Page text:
The theme recurs in recent movies such as “All Over Me,” about two teen girls exploring sexuality with guys and each other; “Hollow Reed,” about a bisexual father in love with a man trying to get custody of his son; and “Different for Girls” is about a heterosexual man who falls for his childhood buddy who is now a woman.

Bisexuality also crops up in “Love and Other Catastrophes,” “Daytrippers,” “johns,” “Slaves to the Underground,” “Kama Sutra” and “Waiting for Guffman.”

Keanu Reeves co-stars as the close friend to bisexual Beat writer Neal Cassady, played by Thomas Jane, in the just-released “The Last Time I Committed Suicide.” Reeves, 32, points out that many of his past roles--in films such as “My Own Private Idaho” and “Bram Stoker’s Dracula"--mirror the bisexual trend growing among youth today.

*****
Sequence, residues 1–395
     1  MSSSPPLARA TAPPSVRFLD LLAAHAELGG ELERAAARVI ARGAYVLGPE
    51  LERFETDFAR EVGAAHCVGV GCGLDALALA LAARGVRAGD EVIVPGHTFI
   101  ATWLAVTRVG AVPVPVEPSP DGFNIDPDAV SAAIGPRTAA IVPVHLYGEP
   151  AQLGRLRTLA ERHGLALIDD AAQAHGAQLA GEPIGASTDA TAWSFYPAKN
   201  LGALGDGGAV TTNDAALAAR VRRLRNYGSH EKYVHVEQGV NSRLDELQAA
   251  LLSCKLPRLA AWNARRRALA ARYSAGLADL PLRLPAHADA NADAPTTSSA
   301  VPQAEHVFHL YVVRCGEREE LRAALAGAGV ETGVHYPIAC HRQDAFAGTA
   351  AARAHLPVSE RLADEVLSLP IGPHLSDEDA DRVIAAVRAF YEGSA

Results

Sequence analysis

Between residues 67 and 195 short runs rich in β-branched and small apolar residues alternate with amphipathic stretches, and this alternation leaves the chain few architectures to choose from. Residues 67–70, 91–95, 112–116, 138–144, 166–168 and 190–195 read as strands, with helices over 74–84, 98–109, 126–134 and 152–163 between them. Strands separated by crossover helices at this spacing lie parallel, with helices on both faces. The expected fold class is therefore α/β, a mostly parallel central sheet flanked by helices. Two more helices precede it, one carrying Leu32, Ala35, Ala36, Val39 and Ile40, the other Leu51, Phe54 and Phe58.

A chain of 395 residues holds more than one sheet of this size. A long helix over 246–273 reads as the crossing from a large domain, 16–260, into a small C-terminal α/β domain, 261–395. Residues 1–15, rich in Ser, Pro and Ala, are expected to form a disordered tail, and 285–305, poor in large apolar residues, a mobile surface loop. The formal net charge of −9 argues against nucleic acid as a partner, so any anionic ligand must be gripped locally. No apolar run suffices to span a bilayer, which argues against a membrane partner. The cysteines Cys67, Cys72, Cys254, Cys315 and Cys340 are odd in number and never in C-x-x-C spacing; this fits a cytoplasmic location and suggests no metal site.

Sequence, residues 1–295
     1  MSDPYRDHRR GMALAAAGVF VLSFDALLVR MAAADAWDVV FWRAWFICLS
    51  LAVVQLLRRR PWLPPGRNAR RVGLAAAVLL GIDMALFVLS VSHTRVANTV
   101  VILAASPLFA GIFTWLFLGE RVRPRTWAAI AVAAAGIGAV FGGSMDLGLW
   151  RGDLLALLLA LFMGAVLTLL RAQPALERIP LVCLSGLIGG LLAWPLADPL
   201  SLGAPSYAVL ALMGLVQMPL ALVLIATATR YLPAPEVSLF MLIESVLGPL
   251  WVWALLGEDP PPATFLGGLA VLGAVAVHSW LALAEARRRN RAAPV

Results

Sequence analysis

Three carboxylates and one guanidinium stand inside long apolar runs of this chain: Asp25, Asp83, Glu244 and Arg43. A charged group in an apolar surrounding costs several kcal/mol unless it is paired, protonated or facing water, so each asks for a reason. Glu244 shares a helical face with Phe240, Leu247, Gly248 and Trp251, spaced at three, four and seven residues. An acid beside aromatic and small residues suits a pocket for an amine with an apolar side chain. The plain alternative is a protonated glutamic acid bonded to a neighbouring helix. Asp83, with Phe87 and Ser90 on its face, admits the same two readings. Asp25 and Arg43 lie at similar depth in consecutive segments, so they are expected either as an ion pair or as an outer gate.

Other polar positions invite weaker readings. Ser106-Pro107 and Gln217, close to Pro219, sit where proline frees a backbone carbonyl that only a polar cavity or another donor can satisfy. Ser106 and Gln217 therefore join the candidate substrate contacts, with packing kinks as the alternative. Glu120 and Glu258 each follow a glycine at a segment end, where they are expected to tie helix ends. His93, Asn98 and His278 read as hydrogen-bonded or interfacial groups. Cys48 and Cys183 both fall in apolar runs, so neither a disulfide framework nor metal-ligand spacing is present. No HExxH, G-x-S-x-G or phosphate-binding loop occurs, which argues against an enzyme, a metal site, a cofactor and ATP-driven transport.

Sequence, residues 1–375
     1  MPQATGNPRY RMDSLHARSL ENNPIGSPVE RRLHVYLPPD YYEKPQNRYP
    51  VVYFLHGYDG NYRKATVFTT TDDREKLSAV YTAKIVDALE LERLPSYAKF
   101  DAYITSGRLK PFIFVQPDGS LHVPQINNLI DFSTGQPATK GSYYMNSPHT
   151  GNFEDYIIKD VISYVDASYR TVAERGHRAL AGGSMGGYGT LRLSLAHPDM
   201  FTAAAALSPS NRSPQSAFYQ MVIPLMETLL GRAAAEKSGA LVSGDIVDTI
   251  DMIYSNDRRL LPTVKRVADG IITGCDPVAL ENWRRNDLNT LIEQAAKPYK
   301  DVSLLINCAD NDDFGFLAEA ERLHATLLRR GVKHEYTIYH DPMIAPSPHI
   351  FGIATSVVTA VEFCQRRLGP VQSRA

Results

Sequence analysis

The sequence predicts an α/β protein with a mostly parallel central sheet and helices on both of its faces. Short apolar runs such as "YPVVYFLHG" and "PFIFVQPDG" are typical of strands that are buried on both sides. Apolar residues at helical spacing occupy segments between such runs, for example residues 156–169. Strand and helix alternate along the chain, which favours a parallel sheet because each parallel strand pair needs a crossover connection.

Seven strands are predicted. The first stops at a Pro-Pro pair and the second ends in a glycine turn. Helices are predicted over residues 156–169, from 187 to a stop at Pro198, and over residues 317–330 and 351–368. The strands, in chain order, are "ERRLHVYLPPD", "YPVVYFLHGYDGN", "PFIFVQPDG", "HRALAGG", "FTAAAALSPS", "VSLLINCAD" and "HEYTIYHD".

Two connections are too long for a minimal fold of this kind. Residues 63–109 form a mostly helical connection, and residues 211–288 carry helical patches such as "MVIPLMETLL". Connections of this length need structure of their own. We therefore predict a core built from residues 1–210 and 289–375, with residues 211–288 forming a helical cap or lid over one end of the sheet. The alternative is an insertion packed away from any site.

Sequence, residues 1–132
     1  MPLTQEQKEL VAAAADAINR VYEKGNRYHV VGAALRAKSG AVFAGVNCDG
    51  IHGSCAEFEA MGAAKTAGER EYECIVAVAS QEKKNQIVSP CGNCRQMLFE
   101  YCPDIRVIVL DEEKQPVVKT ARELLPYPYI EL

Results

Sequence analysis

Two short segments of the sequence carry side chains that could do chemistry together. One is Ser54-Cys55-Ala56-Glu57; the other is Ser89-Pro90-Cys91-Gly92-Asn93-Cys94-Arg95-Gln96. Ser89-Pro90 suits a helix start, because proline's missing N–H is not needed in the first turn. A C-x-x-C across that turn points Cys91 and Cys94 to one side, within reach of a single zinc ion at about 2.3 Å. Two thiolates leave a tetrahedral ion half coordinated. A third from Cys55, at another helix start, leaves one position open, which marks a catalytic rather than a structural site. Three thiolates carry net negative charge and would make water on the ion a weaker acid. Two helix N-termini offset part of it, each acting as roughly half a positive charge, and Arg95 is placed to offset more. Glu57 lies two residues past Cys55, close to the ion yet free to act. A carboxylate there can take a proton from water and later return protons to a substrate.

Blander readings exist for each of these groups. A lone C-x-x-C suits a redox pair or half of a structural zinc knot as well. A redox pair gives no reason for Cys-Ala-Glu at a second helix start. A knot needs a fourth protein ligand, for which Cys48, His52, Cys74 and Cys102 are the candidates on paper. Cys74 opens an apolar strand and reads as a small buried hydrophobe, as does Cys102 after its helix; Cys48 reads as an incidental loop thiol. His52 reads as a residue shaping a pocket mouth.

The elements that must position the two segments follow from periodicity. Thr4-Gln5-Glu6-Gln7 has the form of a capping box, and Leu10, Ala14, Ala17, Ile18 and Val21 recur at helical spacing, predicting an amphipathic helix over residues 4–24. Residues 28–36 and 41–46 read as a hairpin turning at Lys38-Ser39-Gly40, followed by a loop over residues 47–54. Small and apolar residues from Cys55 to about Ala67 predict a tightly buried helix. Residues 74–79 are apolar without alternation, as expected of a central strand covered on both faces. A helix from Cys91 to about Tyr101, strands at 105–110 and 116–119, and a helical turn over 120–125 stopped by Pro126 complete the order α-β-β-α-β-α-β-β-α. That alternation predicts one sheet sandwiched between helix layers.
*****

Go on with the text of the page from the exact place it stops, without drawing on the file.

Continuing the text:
“I have no idea if I have any connection to youth,” Reeves says. “But I’ve been in plenty of roles with androgyny and bisexuality. Kids like my sister and her friends are talking about [it]. It’s happening, different strokes for different folks.”

Such screen portrayals are long overdue, says Elaine Holliman, who just directed a bisexual documentary, “Gone Straight . . . to Hell,” and moderated a panel on bisexuality in film at Los Angeles’ gay and lesbian film festival, Outfest ’97.

“My experience is that the queer community doesn’t see it as an existent sexuality and it’s either exaggerated or ignored,” says Holliman, who came out as bisexual last year after accolades for her lesbian film “Chicks in White Satin.” “The problem is that many people come out to me as bi privately, but don’t do it publicly.”